He explained that part of the reason Medellin has so many shopping malls (there are a LOT) is because the malls were one of the few places where people felt safe so they flourished during Escobar’s time. Major construction projects are also a favored way of laundering large amounts of ill-gotten gain. John also recounted the time when his entire class in grade school was invited to Escobar’s ranch and hacienda for the weekend because his classmate was the son of Escobar’s cousin, business manager and right hand man (full details are in our story on Roads and Kingdoms).
Throughout the entire tour John never once used Pablo’s name, referring to him instead as “that man” as if it was still too painful to say his name out loud.
Officials at the Medellin Convention and Visitors Bureau distance themselves from Escobar Tours which they say are “not something that we promote” and locals, like John, have a complicated relationship with the tours. Everyone acknowledges that the recent increase in tourism to Medellin is a good thing but we’ve certainly gotten the impression that Colombians wish visitors would stop focusing on Escobar.
Camilo Uribe, owner of Medellin City Tours is well aware of the delicate nature of the Escobar Tour that he’s offered since 2008 but tourists can’t seem to get enough. Camilo told us that back in 2008 he was getting 3 to 4 bookings a month for his Escobar Tour but he’s now up to 3 to 4 bookings per day, 90% of them foreigners. Camilo only assigns this tour to his older guides who, like John, have personal Escobar connections and memories to share.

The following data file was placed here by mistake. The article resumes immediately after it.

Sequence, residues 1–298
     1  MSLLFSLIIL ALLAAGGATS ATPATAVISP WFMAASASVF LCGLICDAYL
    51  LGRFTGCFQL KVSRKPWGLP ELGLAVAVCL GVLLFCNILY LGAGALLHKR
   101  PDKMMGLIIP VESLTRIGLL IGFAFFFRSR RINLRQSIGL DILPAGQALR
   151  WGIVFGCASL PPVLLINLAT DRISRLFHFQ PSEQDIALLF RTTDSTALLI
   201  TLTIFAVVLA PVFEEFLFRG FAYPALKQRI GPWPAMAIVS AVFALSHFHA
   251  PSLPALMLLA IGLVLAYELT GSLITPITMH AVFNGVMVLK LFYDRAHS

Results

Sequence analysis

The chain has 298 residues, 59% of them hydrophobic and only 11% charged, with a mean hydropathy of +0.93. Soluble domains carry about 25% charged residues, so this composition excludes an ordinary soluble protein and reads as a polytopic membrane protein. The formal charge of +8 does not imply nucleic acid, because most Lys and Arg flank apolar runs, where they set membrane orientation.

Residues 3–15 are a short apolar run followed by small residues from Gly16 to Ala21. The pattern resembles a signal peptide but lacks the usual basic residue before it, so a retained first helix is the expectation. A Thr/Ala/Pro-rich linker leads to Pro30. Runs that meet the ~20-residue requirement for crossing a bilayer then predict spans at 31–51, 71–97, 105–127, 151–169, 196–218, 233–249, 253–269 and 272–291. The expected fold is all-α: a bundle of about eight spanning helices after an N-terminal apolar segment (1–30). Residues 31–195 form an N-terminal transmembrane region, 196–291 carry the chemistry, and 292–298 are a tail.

Bingeing on Pablo Escobar
Also as part of our reporting we’ve also been bingeing on back-to-back episodes of a Colombian-produced series called Pablo Escobar: Patron del Mal (Boss of Evil). The chilling 74 part biopic has swept the ratings (one quarter of the entire population of Colombia watched the debut episode) but many Colombians have been unwilling or unable to relive the past in their living rooms each night.
There are also fears that the series has introduced Escobar to a whole new generation of Colombians who did not live through his carnage and who may now view Patron del Mal as an instructional video for fast-tracking out of the slums. This risk is especially high in Medellin which the United Nations just ranked as having the most pronounced wealth inequity of any city in Latin America. You can watch subtitled episodes of Patron del Mal on Netflix.
So, is “selling Pablo” a good thing or a bad thing for Colombia? That’s the issue we tackled in our first piece for Roads and Kingdoms which was also published on Slate.com. In the piece we take a long look at Escobar Tours, the theme park that now operates on Escobar’s Hacienda Napoles hideout, his son’s attempts to sell you $195 jeans with Escobar’s name on them, and more. Escobar’s sister weighs in, as does famous Colombian artist Fernando Botero.
We’ve admired Roads and Kingdoms for a while. It’s one of the few well-edited outlets interested in lengthy nuanced, deeply reported takes on travel and we’re honored to be part of the site. We were also honored to receive an honorable mention in the Foreign Travel category in the Society of American Travel Writers (SATW) annual Lowell Thomas Travel Journalism Awards. Please check out our story and let us know what you think about Selling Pablo. Would you take an Escobar Tour?
Here’s more about travel in Colombia